Posted ByErin Chan Ding
If you love big, cuddly cats, one of these 10 breeds may make the perfect pet for you!
Have you always dreamed of having a pet tiger? While it's not quite legal to house a massive jungle mammal in your residence, a large cat could be the next best thing! In fact, there are many different large, domesticated cat breeds for you to choose from, so you'll be sure to find one that fits your personality and lifestyle.
Here are 10 large cat breeds that you should check out:
- Maine Coon
The Maine Coon is the biggest, most cuddly domesticated cat, says Dr. Mike Boling, a veterinarian at West Loop Veterinary Care in Chicago, Illinois. According to Dr. Boling, these cats can weigh around 25 pounds. "For a cat, they're huge," he says. The Maine Coon is native to America and was first discovered in the state of Maine, as you may have guessed.
As is the case with many large cat breeds, one of the downsides to owning a Maine Coon is that they are more prone to heart disease because of their size. But the breed couldn't be more pleasant to be around! "They tend to be really gentle souls," says Dr. Boling. "They have these big heads and big feet, but they're very sweet-natured."
According to Dr. Boling, Burmese cats tend to be tall, thin and "smooshy-faced." They're also known for being curious and super-involved. As such, you can expect a Burmese cat to be all over you and your property, with the most friendly intentions, of course. According to The International Cat Association (TICA), Burmese cats were bred from the Wong Mau, which was first brought over by a sailor in 1930.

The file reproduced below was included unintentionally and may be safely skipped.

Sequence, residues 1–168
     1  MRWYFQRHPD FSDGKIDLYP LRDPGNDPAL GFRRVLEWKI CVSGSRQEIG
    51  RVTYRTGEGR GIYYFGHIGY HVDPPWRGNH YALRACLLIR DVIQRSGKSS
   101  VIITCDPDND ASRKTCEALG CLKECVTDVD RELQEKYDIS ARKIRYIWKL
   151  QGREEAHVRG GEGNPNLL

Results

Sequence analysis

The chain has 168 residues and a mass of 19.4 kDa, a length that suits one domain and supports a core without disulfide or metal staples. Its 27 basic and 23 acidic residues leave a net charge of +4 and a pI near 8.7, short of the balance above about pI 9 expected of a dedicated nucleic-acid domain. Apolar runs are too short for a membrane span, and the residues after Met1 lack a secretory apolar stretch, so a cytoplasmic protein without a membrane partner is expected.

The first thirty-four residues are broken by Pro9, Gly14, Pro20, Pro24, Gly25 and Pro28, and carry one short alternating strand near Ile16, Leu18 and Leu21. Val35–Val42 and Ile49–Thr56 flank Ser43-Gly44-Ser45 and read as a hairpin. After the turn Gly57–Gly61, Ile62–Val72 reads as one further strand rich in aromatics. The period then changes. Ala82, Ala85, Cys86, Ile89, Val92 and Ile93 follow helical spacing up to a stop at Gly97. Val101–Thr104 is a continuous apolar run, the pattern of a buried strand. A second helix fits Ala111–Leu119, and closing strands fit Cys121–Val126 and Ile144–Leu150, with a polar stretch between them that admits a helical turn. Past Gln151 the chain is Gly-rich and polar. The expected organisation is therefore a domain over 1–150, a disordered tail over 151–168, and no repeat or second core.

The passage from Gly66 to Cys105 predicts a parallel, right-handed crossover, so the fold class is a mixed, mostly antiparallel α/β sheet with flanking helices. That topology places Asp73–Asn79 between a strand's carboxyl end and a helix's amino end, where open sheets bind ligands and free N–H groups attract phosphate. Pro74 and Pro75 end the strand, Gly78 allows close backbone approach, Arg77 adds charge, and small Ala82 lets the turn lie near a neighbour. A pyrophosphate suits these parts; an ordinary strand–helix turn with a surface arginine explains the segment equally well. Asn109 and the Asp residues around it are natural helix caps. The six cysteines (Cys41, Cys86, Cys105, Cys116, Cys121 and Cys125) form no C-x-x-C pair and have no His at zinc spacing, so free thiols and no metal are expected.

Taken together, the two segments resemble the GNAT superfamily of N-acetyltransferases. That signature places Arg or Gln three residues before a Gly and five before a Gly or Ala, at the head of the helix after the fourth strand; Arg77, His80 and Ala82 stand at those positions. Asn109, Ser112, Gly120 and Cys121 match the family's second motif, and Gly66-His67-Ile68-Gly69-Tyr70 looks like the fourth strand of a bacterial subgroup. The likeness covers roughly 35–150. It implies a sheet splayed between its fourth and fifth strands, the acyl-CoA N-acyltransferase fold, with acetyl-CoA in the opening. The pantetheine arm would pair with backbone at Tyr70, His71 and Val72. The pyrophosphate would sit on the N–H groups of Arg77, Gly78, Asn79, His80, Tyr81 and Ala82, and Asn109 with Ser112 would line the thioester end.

- Egyptian Mau
The Egyptian Mau was recently recognized and allowed to compete in shows, says Evelyn Mix, a co-owner of Bengalutopia, an in-home cattery. "They're pretty long and lean, but they can get pretty big," she says. As their name would suggest, this breed's origin can be traced back to Egypt. In fact, they even appear in ancient Egyptian artwork! According to TICA, the Egyptian Mau first came to the United States in 1956, when a Russian princess imported a few of the cats from Italy.
A Savannah is "long and lean, like the Egyptian Mau," says Mix. These cats, who are known for being active and adventurous, first appeared in the 1980s, when a domestic feline gave birth to a kitten that was fathered by an African Serval, according to TICA.
Bengals are known for being extremely intelligent and interactive. They tend to get along well with other animals, like dogs, and can be clicker-trained. They also love to climb, so be sure to have lots of vertical space if you decide to get one! According to TICA, these cats were originally bred by Jean Mill, who crossed a domestic cat with an Asian leopard cat in the early 1960s. Mill went on to breed the modern version of the Bengal in the early 1980s.
- American Bobtail
American Bobtails "have a little, short tail and big, round eyes," says Mix. These cats, who were bred in the United States starting in the 1960s, are super playful, almost to the point of being childlike. They love to jump after things in midair and engage in games.
Ragdolls, which were developed as a breed in California in the 1960s, just love to cuddle. In fact, they may collapse -- like a ragdoll -- into the arms of willing snugglers.
As their name would suggest, these cats are native to Siberia. According to TICA, this breed was first referenced all the way back in 1000 A.D. These cats even made an appearance in the first cat show in the 1870s! The affectionate, attentive Siberian loves to follow people around the house.
Known for their long hair, Ragamuffins are Persian in ancestry and can weigh up to 20 pounds. They love to cuddle and sit on your lap!
A Chausie can weigh up to a whopping 25 pounds! According to TICA, these cats have a wild jungle cat ancestry that can be traced back to ancient Egypt. Known for their athleticism, Chausies love to interact with people and are always up for some good-natured play.